Student workers at The Knoll harvest some late-summer annual flowers.

MIDDLEBURY, Vt. – For 15 years, students and members of the wider Middlebury College community have sought refuge on a grassy knoll on the western edge of Middlebury’s campus. They nurtured seedlings and tended bees and harvested red, ripe tomatoes. Professors led seminars, and students wielded hammer and nail to build outdoor classrooms and garden sheds.

This weekend the College celebrates that 15-year legacy. Coinciding with the milestone comes the decision to formally rename a place that’s gone by many monikers over the years: What various generations have known as the Middlebury College Organic Garden or the Middlebury College Farm will now be called The Knoll.

Students enjoy the new pizza kitchen at The Knoll.

The celebration of The Knoll kicks off with an artist’s talk on Sept. 14 from master labyrinth designer and builder Lars Howlett, who will be on site through the weekend constructing a labyrinth from Vermont field stone. On Saturday, community members can join in the completion of the labyrinth from 10 a.m. to noon, and stay for lunch at The Knoll. The event is sponsored by the Franklin Environmental Center Global Food and Farm Program and the Scott Center for Spiritual and Religious Life.

Founded in 2003 by Jean Hamilton ’04.5 and Bennett Konesni ’04.5, the garden began a place for students to get their hands dirty, work in the earth, and connect with food production outside of the confines of a classroom.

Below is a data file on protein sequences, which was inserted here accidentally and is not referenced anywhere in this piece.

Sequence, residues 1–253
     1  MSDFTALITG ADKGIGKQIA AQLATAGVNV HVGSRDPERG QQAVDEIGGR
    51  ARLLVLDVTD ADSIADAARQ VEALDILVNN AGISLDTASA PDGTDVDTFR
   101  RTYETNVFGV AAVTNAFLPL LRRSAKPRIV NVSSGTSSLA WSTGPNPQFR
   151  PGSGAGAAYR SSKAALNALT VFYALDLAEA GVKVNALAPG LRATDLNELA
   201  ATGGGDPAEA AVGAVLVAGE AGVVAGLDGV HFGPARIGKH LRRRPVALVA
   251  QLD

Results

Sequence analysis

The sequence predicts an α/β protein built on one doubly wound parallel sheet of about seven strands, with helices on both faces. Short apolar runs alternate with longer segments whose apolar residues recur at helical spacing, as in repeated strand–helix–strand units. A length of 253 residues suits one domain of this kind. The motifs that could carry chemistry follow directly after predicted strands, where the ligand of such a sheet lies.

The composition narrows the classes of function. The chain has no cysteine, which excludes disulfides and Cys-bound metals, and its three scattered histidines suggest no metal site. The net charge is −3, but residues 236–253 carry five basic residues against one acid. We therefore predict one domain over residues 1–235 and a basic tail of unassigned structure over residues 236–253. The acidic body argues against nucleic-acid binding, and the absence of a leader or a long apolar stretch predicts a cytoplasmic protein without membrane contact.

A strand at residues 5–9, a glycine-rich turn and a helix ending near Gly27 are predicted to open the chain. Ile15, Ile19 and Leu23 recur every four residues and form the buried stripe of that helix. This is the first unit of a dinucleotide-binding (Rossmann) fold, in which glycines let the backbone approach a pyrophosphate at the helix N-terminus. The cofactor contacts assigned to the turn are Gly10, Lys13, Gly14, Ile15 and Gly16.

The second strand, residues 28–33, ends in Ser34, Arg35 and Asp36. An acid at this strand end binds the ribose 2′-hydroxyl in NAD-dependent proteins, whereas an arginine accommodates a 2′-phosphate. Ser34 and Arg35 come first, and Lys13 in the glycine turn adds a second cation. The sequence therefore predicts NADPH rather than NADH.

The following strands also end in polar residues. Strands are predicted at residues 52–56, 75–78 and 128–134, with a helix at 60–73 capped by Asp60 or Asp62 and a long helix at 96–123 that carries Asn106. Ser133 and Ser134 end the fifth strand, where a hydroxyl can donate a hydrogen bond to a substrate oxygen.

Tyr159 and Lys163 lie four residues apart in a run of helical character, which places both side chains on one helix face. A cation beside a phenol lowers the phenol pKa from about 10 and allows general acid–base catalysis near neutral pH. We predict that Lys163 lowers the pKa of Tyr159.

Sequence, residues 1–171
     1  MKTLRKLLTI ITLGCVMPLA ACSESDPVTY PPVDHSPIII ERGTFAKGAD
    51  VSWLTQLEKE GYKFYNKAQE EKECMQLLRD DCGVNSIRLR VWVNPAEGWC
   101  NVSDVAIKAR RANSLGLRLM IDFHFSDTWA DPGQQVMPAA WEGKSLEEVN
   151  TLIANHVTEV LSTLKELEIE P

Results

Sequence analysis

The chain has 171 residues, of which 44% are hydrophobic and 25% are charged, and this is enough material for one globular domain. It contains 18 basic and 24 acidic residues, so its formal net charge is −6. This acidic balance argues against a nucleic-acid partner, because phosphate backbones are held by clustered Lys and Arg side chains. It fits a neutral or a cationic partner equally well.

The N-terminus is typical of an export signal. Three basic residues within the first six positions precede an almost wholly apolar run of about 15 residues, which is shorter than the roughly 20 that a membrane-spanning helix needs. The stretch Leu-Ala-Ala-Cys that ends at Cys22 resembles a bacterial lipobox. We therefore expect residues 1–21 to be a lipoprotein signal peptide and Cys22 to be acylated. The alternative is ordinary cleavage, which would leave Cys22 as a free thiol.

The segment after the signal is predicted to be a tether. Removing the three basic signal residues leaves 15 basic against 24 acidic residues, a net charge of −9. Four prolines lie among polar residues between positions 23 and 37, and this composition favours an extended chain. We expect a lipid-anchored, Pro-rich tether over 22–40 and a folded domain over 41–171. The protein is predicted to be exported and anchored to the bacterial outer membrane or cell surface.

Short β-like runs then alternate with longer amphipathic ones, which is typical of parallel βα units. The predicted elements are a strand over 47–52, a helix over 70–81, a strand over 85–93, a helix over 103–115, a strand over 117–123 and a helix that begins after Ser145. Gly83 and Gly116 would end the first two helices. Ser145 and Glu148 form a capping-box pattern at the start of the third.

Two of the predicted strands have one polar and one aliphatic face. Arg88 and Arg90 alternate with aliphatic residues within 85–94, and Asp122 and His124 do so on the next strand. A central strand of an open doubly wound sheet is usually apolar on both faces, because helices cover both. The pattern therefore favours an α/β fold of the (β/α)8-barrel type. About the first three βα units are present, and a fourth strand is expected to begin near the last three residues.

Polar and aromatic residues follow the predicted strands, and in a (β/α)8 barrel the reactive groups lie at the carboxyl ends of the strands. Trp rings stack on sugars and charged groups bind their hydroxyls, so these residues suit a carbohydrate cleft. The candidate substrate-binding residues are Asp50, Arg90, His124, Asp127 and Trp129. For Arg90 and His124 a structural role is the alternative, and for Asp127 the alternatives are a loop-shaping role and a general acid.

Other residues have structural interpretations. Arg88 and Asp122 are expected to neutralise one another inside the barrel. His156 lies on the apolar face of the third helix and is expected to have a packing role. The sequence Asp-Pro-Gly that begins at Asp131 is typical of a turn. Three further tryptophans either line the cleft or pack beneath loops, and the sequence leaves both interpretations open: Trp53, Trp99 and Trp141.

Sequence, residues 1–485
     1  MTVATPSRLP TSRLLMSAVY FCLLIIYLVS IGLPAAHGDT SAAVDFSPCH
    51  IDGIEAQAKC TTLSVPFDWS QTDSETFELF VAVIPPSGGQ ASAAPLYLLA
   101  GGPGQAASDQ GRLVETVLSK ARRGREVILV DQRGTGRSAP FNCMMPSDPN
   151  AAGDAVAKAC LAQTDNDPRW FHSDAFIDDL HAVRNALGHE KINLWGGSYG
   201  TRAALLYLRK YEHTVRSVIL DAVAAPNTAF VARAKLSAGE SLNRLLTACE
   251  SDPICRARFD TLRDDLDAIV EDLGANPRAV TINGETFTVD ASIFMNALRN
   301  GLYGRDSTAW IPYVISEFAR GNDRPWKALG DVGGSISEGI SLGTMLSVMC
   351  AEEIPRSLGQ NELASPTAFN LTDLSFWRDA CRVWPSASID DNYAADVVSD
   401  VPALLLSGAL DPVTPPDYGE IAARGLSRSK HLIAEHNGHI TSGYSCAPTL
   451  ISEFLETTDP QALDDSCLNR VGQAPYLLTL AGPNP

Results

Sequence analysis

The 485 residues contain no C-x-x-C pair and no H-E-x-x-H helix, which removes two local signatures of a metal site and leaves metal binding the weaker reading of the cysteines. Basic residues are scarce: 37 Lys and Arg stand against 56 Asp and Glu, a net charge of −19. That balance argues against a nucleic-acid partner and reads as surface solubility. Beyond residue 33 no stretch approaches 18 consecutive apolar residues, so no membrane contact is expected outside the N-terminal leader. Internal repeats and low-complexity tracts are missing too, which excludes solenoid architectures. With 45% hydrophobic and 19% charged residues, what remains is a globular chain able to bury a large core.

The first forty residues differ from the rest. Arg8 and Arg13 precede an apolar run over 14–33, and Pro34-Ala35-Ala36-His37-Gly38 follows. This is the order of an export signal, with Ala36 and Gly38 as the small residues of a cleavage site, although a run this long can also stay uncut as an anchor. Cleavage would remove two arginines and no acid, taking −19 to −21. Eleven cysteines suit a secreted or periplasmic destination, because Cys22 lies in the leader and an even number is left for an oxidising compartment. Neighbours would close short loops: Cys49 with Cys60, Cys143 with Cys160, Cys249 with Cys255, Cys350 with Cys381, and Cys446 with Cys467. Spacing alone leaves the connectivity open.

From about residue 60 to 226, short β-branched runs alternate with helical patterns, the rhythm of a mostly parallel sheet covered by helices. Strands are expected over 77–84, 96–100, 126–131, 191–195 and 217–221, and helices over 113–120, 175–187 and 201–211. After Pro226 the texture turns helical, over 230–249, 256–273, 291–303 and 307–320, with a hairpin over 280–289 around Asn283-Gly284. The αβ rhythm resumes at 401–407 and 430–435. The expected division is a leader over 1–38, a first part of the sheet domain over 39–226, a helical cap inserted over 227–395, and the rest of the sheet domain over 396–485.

“When I got to Middlebury, I was amazed at the richness of the agricultural landscape and surprised how disconnected our campus was from the farming people, economy, traditions, and knowledge that surrounded us,” said Hamilton. In starting the garden, she “hoped to create a space where Middlebury students could literally embody their education and explore their identity and ideas within the physical reality of living plants and community partnership.”

Fifteen years on, what began as an eighth of an acre and a small garden shed is now a bustling complex of buildings and projects, including:

  • Educational gardens, designed to serve as a place for students to learn about growing food. The gardens are staffed in part by paid interns in the spring, summer, and fall, as well as volunteers.Story by Kathryn Flagg ’08; Photos by Todd Balfour